Better anticipation means more efficient labour market matching and better support for geographical and occupational mobility. This is an important pre-condition to remove the current fragmentation of the labour market in Europe into 27 national labour markets.

Anticipating and better matching labour market needs is at the heart of the Europe 2020 strategy for growth and jobs.

It is where education policy converges with employment policy. It is where action can lead to concrete results – more and better jobs for Europeans.

This places our first ever European Skills Panorama at the very heart of our efforts to generate growth and jobs.

As we will have the occasion to see in the presentations today, the Panorama provides a detailed picture of skills trends across countries and economic sectors. It aims at improving transparency for jobseekers, workers, companies and public institutions.

It is a modern tool, available online, and containing updated forecasting of skills supply and labour market needs up to 2020.

But the Panorama is also important for another reason. It is a good example of the Commission's overall goal to enhance evidence-based policy making. It is a good example of EU added value.

The Panorama gives a single access point to the most relevant European and national information sources. It allows organisations and policy makers to obtain information in a relevant manner for their own context.

The Panorama is also a good example of different services in the Commission working together. And for this, I would like to thank Commissioner Andor for the excellent collaboration between my services for Education and Culture and his services for Employment and Social Affairs.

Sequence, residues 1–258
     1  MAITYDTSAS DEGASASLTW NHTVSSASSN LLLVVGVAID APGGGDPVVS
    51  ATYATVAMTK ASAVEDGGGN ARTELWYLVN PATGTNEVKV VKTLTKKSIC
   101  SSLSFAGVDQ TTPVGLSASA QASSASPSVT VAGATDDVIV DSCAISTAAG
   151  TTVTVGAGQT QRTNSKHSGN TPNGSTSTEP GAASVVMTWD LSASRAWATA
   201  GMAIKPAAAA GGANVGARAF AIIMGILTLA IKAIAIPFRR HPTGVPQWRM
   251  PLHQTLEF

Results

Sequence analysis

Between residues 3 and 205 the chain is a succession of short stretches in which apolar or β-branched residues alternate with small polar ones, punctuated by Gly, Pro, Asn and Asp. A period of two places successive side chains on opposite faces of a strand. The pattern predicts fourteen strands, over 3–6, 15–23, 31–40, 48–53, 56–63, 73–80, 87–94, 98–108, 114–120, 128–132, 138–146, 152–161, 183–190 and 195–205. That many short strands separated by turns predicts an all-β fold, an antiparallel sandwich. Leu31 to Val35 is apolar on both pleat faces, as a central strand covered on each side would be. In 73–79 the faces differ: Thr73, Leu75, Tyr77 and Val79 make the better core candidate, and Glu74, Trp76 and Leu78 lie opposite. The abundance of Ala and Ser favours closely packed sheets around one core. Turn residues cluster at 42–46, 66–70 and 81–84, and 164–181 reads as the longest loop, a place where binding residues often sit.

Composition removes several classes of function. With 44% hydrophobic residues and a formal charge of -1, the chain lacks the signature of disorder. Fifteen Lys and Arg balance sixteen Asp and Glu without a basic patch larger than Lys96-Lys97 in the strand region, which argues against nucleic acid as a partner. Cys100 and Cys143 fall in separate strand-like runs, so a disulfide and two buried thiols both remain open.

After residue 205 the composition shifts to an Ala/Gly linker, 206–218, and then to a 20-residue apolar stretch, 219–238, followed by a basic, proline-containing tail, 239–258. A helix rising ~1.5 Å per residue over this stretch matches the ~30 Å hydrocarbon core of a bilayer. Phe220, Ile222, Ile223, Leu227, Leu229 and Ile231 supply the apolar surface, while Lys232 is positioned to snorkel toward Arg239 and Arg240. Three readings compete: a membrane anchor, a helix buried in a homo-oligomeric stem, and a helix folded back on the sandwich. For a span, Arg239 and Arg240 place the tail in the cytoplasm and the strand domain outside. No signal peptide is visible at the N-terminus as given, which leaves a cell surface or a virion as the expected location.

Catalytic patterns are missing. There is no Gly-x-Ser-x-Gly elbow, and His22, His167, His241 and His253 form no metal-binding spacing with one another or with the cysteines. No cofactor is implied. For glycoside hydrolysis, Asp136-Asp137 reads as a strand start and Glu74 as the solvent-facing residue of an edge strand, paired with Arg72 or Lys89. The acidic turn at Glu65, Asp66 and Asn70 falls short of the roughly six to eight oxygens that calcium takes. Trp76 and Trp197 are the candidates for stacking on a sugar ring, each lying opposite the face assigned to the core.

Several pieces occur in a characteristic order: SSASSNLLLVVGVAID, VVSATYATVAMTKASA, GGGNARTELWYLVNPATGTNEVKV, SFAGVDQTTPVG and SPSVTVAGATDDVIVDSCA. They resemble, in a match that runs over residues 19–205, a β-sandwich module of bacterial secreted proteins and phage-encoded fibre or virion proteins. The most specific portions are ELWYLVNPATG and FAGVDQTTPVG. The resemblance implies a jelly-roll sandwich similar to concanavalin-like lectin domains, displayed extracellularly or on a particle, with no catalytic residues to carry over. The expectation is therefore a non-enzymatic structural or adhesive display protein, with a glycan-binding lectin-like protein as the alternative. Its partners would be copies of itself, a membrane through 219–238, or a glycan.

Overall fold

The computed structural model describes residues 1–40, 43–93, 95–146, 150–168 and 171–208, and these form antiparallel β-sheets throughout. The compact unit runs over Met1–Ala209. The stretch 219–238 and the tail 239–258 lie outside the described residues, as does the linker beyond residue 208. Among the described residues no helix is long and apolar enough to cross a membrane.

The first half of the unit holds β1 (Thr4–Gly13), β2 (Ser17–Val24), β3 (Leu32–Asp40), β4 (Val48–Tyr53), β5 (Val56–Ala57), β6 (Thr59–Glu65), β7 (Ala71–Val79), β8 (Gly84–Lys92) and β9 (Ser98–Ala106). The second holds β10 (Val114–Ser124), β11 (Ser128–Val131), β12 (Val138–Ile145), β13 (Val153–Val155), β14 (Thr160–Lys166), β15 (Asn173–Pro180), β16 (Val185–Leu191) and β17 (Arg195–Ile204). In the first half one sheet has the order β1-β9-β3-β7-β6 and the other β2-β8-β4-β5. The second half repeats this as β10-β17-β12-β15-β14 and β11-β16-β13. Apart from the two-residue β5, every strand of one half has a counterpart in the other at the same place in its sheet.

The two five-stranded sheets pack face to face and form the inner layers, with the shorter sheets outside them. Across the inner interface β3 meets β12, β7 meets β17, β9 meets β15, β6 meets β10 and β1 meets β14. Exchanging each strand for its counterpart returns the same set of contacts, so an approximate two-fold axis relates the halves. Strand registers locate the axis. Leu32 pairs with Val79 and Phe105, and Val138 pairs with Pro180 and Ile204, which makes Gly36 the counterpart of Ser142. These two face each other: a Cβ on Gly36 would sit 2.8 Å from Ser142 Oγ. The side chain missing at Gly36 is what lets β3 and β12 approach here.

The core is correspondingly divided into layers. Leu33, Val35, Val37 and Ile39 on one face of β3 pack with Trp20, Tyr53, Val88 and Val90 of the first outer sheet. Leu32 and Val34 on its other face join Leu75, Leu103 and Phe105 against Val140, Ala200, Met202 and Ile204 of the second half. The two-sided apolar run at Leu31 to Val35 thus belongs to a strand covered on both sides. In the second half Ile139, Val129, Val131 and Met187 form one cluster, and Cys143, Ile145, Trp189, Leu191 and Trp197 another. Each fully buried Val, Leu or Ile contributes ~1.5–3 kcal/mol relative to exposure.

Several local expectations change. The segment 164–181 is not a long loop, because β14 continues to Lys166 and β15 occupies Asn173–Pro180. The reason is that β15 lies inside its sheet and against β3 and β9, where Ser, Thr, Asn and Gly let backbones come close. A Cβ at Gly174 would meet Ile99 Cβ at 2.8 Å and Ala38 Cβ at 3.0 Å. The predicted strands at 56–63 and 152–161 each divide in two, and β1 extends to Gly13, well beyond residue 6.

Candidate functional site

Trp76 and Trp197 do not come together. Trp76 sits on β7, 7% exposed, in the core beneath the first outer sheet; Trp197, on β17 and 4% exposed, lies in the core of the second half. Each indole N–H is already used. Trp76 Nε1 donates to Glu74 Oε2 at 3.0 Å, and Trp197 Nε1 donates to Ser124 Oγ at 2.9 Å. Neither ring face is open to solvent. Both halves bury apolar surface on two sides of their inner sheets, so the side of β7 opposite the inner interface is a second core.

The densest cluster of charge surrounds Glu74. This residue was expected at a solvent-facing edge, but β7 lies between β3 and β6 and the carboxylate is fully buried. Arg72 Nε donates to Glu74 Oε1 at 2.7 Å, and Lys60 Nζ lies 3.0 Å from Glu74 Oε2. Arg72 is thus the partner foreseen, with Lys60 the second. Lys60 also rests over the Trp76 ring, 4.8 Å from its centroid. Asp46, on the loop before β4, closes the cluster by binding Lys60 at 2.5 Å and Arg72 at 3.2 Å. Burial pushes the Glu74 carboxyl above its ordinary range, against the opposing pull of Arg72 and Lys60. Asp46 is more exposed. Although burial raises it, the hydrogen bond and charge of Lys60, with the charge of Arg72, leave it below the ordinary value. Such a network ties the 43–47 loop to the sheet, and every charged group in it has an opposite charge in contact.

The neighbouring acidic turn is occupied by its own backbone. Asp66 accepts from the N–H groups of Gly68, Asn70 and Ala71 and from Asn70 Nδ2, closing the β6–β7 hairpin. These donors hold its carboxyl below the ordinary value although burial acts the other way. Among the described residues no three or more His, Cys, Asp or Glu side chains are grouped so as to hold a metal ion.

I am also delighted that the Skills Panorama was developed with the expertise of other European agencies, like the Cedefop and Eurofund and was the result of work with experts in all the Member States.

The input and feedback of the Network of Observatories on Skills Needs and Mismatches, where Member States are represented, was extremely important. This made it possible to tailor the Panorama to the needs of policy makers and practitioners both from education and employment.

This is an important point: the Skills Panorama has been designed to be complementary and coherent with other EU tools. 

It brought together different sources of anticipation such as the skills forecasts, the European Vacancy Monitor, employers surveys and the result of the European sector skills councils. The project was therefore of a very integrating nature.

It also naturally complements other tools developed by the Commission to enhance transparency and recognition of skills and qualifications across borders - namely the Europass, the European Qualifications Framework or the ESCO classification of skills, competences, qualifications and occupations. We will have the occasion to hear more about these synergies later today.

But this is just the beginning. The Skills Panorama we are launching today is a prototype and as such will require adaptation. Even when it becomes a mature product, the Skills Panorama is intended to be a dynamic tool. It will evolve continuously according to the needs of policy makers and the public in general.

The governance of the Panorama and its way forward will always be under the scope of the joint work of the Commission's services for Education and Employment.  

And my services and I will continue to foster further synergies. In close cooperation with Commissioner Andor, we will develop further functionalities like automation of statistical data, and we will enlarge the scope of the sectoral analysis.

I will also ask Cedefop to keep on supporting the Commission in the development of the Panorama.

The continuous support from Member States and all stakeholders in identifying and discussing ways in which the Skills Panorama can evolve will also be instrumental for further development.

Ladies and Gentlemen,

It is now my pleasure to announce to you that from this moment the EU Skills Panorama is online and freely accessible at its own dedicated website (euskillspanorama.ec.europa.eu). It's a great result, of which we are proud, but it remains a work in progress, and I look forward to your feedback to improve the service it provides.

Thank you.